From the February 2016 issue of The Rotarian
Adrien Lokangaka grew up in a small village in the Democratic Republic of Congo. He lacked many things – but when he needed it, he had medicine.
Areas of focus: Saving mothers and children, fighting disease
Location: Kinshasa, Democratic Republic of Congo
Peace Center: Duke University and University of North Carolina at Chapel Hill, 2012-14
“As a child, I suffered from amebic dysentery, a disease that could have taken my life,” he says. “Fortunately for me, a Catholic brother gave my uncle the proper medicine, and that medicine saved my life. That’s when I decided that I should be a doctor and help sick people too.”
Medical school is a big dream for anyone, but for a poor boy in a poor country, it was stratospheric. Lokangaka persisted. He chopped and sold wood to pay for his grade school and high school education. An uncle stepped in to fund his university tuition; still, to make ends meet, Lokangaka typed papers for other students and taught English in his spare time.
After graduating from medical school in 2008, Lokangaka joined the Kinshasa School of Public Health, motivated by the poverty and disease he saw as a child – particularly the many deaths related to pregnancy and childbirth. There, he developed his interest in public health. “As a physician, the goal is to help people. If I were a medical practitioner, I could help one person at a time, but not many,” he explains. “I wanted to have a greater impact.”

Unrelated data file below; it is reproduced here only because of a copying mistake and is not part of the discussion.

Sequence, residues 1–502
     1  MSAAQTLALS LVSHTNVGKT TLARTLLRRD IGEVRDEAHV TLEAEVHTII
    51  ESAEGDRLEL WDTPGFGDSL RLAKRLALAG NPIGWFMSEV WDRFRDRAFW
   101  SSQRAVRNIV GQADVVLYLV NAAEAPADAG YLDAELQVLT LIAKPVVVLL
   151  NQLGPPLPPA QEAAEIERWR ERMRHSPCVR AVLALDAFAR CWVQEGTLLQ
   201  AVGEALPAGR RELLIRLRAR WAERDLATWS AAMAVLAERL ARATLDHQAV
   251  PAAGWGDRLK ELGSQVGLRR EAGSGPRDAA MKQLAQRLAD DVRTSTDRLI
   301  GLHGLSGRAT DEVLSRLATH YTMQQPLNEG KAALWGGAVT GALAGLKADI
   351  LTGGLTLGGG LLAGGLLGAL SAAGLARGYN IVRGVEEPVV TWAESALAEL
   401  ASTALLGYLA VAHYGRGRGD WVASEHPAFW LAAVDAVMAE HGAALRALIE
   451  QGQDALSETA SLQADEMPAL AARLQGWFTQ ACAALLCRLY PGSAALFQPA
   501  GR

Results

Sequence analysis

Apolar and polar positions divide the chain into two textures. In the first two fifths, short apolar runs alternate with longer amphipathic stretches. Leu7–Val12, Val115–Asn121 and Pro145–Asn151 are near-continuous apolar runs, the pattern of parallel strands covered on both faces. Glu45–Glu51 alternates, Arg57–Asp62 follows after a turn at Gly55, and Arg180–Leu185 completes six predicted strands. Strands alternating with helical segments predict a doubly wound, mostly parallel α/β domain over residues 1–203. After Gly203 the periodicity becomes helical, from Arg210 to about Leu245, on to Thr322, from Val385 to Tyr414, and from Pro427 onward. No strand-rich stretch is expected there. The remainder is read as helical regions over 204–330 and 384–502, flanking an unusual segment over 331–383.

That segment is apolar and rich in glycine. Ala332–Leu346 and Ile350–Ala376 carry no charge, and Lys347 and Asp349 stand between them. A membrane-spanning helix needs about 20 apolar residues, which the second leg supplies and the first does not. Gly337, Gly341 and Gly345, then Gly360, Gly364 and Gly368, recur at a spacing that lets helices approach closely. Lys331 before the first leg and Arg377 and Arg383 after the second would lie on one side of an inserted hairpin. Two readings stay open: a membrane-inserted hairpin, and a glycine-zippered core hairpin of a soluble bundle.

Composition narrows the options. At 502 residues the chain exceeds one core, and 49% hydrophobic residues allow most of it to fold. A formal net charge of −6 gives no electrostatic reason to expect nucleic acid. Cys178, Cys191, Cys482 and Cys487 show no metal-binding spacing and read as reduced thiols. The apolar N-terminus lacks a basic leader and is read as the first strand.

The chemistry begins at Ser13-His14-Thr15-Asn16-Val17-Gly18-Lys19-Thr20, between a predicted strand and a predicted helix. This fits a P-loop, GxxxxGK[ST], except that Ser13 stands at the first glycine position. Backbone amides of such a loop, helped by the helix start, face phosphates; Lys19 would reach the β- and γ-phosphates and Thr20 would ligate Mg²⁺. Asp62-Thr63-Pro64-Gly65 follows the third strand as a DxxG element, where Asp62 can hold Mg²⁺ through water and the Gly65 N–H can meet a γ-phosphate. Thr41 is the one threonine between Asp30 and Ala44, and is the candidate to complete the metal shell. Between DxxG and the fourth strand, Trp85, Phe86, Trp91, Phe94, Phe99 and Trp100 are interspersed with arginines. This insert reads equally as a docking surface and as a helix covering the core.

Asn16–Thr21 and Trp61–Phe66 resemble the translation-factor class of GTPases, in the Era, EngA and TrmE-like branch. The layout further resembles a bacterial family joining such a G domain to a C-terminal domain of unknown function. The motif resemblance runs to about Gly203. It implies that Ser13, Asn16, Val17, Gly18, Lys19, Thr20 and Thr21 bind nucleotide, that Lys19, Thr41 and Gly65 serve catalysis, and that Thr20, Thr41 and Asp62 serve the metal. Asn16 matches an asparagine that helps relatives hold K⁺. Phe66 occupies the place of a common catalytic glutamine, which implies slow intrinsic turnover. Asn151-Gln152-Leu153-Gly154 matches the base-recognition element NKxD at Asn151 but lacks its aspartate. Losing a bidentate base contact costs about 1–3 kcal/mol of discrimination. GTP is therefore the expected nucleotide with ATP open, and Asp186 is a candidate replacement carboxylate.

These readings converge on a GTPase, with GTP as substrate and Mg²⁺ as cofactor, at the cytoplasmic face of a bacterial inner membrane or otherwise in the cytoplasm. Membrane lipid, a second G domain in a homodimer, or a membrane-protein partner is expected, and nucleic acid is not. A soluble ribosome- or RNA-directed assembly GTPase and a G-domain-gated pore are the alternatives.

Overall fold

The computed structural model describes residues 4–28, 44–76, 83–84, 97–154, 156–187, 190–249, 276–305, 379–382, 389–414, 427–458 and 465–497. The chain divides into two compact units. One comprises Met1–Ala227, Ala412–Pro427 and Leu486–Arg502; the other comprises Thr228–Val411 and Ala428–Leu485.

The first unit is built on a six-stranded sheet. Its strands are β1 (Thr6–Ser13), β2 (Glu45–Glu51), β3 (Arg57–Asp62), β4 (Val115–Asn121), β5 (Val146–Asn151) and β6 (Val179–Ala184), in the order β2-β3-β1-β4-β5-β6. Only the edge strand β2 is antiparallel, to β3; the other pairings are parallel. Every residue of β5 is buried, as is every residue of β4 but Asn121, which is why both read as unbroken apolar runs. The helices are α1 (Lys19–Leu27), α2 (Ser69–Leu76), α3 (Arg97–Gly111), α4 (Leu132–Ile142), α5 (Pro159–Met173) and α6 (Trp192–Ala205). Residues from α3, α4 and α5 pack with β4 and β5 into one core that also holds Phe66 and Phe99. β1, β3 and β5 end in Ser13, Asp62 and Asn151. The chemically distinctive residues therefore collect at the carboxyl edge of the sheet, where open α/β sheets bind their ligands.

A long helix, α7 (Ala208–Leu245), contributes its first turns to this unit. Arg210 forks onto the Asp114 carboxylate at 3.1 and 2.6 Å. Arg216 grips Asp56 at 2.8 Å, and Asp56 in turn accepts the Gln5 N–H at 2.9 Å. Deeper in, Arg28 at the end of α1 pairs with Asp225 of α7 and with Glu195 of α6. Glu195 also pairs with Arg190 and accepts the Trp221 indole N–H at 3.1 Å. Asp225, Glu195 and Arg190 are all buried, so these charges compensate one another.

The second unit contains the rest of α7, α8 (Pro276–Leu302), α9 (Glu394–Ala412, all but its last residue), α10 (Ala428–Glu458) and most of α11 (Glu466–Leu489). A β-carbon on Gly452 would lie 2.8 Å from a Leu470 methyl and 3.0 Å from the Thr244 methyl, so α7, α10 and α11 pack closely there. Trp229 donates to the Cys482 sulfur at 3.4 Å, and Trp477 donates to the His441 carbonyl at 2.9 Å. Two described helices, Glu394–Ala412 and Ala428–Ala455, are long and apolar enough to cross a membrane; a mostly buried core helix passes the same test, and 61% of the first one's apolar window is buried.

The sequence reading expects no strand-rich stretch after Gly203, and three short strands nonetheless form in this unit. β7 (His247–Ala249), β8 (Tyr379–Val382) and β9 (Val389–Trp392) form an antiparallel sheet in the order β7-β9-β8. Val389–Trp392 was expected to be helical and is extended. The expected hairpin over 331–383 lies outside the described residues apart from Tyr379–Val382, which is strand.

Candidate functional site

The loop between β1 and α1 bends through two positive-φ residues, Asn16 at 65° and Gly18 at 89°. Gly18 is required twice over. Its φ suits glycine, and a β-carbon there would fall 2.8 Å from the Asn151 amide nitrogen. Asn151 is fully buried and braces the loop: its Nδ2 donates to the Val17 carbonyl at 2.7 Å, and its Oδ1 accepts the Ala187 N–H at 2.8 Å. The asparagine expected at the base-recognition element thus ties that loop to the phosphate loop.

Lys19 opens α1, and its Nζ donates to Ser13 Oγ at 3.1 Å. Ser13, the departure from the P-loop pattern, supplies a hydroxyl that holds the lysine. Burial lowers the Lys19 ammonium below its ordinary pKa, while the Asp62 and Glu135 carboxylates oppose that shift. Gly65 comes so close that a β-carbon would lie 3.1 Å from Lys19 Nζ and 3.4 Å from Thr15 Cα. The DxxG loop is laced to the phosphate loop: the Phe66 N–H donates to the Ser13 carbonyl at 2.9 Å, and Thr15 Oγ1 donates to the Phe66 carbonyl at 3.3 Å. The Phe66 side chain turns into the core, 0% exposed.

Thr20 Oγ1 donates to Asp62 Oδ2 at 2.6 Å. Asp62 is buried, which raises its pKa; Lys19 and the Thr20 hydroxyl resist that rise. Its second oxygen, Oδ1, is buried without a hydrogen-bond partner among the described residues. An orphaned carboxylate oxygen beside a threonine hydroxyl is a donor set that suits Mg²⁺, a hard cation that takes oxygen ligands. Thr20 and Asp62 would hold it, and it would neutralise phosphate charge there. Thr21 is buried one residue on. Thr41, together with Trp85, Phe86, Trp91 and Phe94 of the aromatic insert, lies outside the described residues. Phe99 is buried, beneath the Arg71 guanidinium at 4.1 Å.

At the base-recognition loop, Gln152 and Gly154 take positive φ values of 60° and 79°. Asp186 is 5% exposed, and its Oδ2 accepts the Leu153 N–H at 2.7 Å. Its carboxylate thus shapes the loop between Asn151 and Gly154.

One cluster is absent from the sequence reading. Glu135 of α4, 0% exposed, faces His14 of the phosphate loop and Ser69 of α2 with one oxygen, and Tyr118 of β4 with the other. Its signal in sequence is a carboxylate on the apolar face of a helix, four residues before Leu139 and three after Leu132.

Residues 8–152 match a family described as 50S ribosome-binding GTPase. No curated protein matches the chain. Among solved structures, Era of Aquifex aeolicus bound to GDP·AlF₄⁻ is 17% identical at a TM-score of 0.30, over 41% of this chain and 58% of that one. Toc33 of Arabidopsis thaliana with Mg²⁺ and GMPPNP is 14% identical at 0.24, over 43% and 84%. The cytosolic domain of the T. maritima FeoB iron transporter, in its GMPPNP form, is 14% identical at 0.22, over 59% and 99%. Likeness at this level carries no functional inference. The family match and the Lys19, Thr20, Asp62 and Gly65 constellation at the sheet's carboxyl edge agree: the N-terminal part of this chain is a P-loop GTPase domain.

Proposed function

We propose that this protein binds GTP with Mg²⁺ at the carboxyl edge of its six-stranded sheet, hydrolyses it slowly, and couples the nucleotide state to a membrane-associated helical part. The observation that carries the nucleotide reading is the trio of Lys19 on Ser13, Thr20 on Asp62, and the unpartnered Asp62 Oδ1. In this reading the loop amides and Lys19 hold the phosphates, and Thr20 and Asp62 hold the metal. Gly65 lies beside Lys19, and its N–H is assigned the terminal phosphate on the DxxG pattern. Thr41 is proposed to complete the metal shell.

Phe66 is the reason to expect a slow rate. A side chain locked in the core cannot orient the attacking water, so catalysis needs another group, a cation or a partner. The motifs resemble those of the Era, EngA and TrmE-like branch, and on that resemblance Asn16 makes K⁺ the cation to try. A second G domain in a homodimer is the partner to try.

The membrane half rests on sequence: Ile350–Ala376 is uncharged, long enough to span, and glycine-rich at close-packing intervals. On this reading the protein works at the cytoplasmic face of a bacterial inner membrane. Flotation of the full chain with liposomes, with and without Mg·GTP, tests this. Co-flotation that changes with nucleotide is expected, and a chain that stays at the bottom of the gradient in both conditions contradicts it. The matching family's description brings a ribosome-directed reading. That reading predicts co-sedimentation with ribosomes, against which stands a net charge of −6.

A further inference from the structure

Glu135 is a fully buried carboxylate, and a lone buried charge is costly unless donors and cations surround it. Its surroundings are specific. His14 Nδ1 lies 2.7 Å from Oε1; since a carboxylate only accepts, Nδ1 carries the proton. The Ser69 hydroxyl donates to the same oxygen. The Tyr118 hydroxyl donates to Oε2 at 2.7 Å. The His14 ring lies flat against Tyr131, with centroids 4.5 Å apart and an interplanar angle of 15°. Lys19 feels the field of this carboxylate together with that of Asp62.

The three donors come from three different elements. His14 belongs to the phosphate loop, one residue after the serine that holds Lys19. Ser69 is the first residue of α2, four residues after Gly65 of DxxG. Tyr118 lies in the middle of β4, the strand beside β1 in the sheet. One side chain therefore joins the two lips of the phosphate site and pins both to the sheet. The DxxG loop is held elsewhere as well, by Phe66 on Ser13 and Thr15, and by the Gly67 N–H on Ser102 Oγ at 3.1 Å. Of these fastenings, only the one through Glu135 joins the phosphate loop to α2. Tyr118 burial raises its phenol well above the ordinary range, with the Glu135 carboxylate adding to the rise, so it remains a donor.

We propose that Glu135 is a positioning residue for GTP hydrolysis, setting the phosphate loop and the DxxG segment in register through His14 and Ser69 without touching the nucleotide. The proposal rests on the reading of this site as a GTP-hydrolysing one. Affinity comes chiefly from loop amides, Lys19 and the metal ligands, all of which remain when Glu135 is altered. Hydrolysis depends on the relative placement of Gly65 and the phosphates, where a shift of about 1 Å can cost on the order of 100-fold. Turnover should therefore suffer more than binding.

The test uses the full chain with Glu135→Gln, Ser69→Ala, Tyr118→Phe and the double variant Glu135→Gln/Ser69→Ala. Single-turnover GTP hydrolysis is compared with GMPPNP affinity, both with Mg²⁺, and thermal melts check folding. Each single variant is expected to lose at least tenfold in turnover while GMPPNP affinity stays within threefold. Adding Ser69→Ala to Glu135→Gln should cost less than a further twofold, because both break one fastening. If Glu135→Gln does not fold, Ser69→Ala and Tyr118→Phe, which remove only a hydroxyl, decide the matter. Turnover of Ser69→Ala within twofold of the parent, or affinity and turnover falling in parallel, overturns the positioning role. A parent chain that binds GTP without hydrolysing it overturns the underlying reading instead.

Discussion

That desire led him to work on research projects with the University of North Carolina at Chapel Hill. Those projects’ goals included improving the newborn resuscitation skills of rural birth attendants, an effort that reduced perinatal mortality by 15 percent.
Carl Bose, a UNC professor of neonatal-perinatal medicine, noticed Lokangaka’s hard work and offered to help him earn yet another degree, a master’s in public health. That’s how Lokangaka came to be awarded a 2012 Rotary Peace Fellowship to support his studies at UNC’s Gillings School of Global Public Health, and to receive his degree in 2014.
What does public health have to do with peace? Everything, Lokangaka says: “[Congo] is a country that has been devastated by war. People need not only the end of war, but they also want to be free from the consequences of war, and one of those is bad health. I am helping to improve health outcomes among the population, so that they may be at peace with themselves.”
Lokangaka’s current work includes a project to improve maternal nutrition before and during pregnancy for healthier newborns and an initiative to train rural nurses to use ultrasounds so they can diagnose pregnancy-related complications. He plans to explore ways to prevent dangerous conditions such as pre-eclampsia.
“I am an ordinary person, but Rotary has given me an extraordinary opportunity,” Lokangaka says. “I will always be grateful, and I am determined to use my skills for the benefit of society, as I promised.”